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Judges find court should have granted expungement

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Finding that the word “shall” in Indiana Code 35-38-9-2(d) is mandatory language requiring expungement, the Indiana Court of Appeals reversed the denial of a man’s petition to expunge his 2004 misdemeanor sexual misconduct with a minor conviction.

The issue in Jason Taylor v. State of Indiana, 45A03-1310-CR-406, is while I.C. 35-38-9-2, which applies to misdemeanor convictions, may appear clear and unambiguous on its face, it is ambiguous when read in conjunction with I.C. 35-38-9-9(d), which requires the court to consider the victim’s statement before making its determination. Section 2 says that the court “shall order the conviction records described in subsection (b) expunged in accordance with section 6 of this chapter,” as long as conditions outlined in the section are met.

The trial judge denied Jason Taylor’s request to expunge his Class A misdemeanor conviction based on the victim’s testimony. Taylor met all the other conditions outlined in Section 2 and the state agreed his conviction should be expunged.

He pleaded guilty to a sexual misconduct charge as a Class D felony that was later reduced to the Class A misdemeanor.

The interpretation of Section 2 is an issue of first impression for the appeals court.

“We agree with Taylor that Section 35-38-9-2(d) unambiguously requires expungement when all of the statutory requirements are satisfied. Section 35-38-9-2(d) states that the trial court ‘shall order’ the conviction records expunged when all statutory requirements are met. Had the legislature intended the expungement of conviction records under Section 35-38-9-2(d) to be discretionary, it would have used the word ‘may’ instead of the word ‘shall,’” Chief Judge Nancy Vaidik wrote.

This decision does not render Section 9-9(d) meaningless, as the state had argued, because it applies to other sections under Chapter 9 where the trial court is required to consider a victim’s testimony before granting expungement, Vaidik continued.
 

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  1. What a fine article, thank you! I can testify firsthand and by detailed legal reports (at end of this note) as to the dire consequences of rejecting this truth from the fine article above: "The inclusion and expansion of this right [to jury] in Indiana’s Constitution is a clear reflection of our state’s intention to emphasize the importance of every Hoosier’s right to make their case in front of a jury of their peers." Over $20? Every Hoosier? Well then how about when your very vocation is on the line? How about instead of a jury of peers, one faces a bevy of political appointees, mini-czars, who care less about due process of the law than the real czars did? Instead of trial by jury, trial by ideological ordeal run by Orwellian agents? Well that is built into more than a few administrative law committees of the Ind S.Ct., and it is now being weaponized, as is revealed in articles posted at this ezine, to root out post moderns heresies like refusal to stand and pledge allegiance to all things politically correct. My career was burned at the stake for not so saluting, but I think I was just one of the early logs. Due, at least in part, to the removal of the jury from bar admission and bar discipline cases, many more fires will soon be lit. Perhaps one awaits you, dear heretic? Oh, at that Ind. article 12 plank about a remedy at law for every damage done ... ah, well, the founders evidently meant only for those damages done not by the government itself, rabid statists that they were. (Yes, that was sarcasm.) My written reports available here: Denied petition for cert (this time around): http://tinyurl.com/zdmawmw Denied petition for cert (from the 2009 denial and five year banishment): http://tinyurl.com/zcypybh Related, not written by me: Amicus brief: http://tinyurl.com/hvh7qgp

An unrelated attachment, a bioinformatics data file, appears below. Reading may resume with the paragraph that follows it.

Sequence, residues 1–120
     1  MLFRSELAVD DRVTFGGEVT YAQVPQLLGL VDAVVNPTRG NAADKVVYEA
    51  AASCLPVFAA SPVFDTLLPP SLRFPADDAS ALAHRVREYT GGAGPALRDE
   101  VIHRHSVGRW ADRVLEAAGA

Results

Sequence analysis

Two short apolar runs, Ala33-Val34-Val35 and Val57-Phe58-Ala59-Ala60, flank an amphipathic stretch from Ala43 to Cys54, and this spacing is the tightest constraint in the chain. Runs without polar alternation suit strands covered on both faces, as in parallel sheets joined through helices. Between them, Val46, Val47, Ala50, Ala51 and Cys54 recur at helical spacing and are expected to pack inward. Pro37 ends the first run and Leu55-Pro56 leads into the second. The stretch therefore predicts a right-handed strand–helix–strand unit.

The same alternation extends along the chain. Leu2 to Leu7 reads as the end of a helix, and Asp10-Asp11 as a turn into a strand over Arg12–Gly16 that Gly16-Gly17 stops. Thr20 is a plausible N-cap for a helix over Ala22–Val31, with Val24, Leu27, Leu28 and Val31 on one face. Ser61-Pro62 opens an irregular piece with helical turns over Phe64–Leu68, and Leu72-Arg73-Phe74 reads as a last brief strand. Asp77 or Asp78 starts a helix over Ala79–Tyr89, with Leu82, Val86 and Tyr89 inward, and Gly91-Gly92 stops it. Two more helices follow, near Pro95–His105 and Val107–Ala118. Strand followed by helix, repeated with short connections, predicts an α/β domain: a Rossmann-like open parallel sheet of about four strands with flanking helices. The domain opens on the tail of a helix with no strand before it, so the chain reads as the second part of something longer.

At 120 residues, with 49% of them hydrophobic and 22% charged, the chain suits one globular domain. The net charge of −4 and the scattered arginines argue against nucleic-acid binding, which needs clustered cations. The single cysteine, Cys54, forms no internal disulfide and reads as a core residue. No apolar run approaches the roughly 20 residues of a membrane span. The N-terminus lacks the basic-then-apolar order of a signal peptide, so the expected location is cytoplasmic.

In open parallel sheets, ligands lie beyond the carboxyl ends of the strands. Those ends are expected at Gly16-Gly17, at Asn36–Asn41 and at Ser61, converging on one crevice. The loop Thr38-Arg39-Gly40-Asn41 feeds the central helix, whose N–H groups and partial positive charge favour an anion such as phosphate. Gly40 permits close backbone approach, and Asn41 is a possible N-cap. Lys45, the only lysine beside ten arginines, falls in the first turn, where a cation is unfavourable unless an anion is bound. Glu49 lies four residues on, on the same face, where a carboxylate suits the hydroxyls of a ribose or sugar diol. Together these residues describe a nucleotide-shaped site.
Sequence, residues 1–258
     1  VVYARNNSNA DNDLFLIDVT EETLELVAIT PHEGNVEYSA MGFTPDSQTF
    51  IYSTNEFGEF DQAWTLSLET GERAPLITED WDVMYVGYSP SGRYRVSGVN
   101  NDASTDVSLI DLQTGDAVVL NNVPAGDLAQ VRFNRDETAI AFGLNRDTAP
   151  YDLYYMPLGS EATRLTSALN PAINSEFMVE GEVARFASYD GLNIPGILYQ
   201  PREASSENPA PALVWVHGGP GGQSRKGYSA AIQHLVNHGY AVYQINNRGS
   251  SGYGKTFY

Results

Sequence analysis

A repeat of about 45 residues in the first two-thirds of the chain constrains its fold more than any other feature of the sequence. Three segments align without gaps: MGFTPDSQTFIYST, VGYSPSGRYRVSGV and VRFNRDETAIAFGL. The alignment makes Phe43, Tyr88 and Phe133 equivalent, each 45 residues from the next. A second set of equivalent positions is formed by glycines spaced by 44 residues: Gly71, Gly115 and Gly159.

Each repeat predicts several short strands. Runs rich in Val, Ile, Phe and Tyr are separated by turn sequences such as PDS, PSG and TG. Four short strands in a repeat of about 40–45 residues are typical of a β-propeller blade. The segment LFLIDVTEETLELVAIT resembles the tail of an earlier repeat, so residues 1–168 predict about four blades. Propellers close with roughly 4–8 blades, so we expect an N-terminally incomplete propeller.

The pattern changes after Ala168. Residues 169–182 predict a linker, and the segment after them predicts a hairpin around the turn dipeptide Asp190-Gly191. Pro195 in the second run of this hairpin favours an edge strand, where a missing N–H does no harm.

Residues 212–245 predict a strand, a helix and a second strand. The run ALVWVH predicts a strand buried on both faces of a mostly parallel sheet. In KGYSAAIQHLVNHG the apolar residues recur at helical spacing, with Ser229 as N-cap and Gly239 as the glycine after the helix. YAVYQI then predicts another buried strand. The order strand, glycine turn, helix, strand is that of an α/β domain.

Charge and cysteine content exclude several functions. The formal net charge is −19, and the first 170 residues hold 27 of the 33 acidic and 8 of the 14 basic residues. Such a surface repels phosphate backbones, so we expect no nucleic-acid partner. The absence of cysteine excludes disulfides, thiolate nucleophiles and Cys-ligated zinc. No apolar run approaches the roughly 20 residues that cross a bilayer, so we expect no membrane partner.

2. Justice has finally been served. So glad that Dr. Ley can finally sleep peacefully at night knowing the truth has finally come to the surface.

  3. While this right is guaranteed by our Constitution, it has in recent years been hampered by insurance companies, i.e.; the practice of the plaintiff's own insurance company intervening in an action and filing a lien against any proceeds paid to their insured. In essence, causing an additional financial hurdle for a plaintiff to overcome at trial in terms of overall award. In a very real sense an injured party in exercise of their right to trial by jury may be the only party in a cause that would end up with zero compensation.

  4. Why in the world would someone need a person to correct a transcript when a realtime court reporter could provide them with a transcript (rough draft) immediately?

  5. This article proved very enlightening. Right ahead of sitting the LSAT for the first time, I felt a sense of relief that a score of 141 was admitted to an Indiana Law School and did well under unique circumstances. While my GPA is currently 3.91 I fear standardized testing and hope that I too will get a good enough grade for acceptance here at home. Thanks so much for this informative post.

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